Secondly, a student in a wheelchair told us that the Gardens are supposed to be politically neutral, so Galbadia Garden is technically not on Galbadian soil, like an embassy. “It’s hard to explain…” he said. Yes, writers, it is hard to explain something when you don’t actually have a working explanation!
Once in the meeting room, Quistis returned, and told us that Galbadia had declared Seifer’s attack to be an independent action, and so the Gardens were not responsible. Seifer, however, had been tried and executed in a matter of hours. Kangaroo courts and all that. Oh, and the fact that it obviously wasn’t true, because Seifer is on the game’s cover and hasn’t done anything of serious note yet. So yeah, you can get a really fast trial and execution when you don’t actually try or execute anybody!
At this point, we made our way to the TV station, and were surprised to find a giant screen on the side of the station showing the station’s current broadcast, which thanks to the global interference was nothing but random gibberish in text form (Ed. I later learned, months after we had finished playing, that there are hidden messages in the gibberish that make sense once you understand the reason behind the interference. Very nice!). I can’t imagine the screen has been running like this for eighteen years, so the Galbadians probably just turned it on. Then again, I can’t help but notice that the screen is now facing that impassable wall of buildings I was complaining about earlier, so no one is going to be able to see it these days!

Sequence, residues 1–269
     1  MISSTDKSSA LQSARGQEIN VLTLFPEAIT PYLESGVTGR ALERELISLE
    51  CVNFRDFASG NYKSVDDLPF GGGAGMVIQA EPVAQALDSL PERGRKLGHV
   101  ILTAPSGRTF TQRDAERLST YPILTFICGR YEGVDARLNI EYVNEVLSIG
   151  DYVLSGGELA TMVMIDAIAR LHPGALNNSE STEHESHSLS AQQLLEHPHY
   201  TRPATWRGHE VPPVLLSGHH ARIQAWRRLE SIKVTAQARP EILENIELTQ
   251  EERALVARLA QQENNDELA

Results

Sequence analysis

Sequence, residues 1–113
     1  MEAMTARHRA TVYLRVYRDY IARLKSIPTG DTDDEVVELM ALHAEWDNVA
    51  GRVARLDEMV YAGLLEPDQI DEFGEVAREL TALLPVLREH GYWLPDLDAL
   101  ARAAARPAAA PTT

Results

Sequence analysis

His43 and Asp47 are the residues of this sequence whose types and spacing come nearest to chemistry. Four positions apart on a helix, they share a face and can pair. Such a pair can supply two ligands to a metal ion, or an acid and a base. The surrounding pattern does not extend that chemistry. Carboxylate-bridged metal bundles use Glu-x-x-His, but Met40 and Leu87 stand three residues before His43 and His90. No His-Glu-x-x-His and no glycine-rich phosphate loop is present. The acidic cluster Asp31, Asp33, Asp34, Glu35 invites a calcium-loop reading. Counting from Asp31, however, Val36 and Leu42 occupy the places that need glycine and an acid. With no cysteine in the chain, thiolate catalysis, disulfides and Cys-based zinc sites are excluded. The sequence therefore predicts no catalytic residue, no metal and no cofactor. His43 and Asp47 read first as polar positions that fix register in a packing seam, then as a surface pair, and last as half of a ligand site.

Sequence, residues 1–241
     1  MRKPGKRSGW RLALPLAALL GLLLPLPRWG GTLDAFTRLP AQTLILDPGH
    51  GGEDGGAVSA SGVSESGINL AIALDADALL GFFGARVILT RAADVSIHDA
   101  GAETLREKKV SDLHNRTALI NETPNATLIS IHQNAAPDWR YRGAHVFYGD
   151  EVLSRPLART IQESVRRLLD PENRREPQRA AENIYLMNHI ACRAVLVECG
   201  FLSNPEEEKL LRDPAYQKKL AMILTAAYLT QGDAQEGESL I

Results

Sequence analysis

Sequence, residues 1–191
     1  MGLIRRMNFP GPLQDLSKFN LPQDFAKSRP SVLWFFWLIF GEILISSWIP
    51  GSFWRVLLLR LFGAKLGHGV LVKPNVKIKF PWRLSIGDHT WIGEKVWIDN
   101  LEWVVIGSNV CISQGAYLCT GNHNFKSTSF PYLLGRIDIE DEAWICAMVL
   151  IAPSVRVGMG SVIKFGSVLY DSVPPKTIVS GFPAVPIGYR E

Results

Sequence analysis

After getting news that the president was inside and too well guarded, Rinoa considered whether to switch to Plan B (the publicity plan) or to go in guns blazing. While she was pondering, a stray comment from Squall revealed that he didn’t have much confidence in her. She began to ask him about that, and we were given the option to back down to push harder. Since I had my own issues with the Owls (chiefly that they don’t seem to have a long-term plan), I decided to let her have it, but it turned out that Squall only had really petty complaints about them being unprofessional, and I felt bad for doing it. Come on, Squall, these people might operate in an unorthodox manner, but they just hijacked a train car from the middle of the actual train.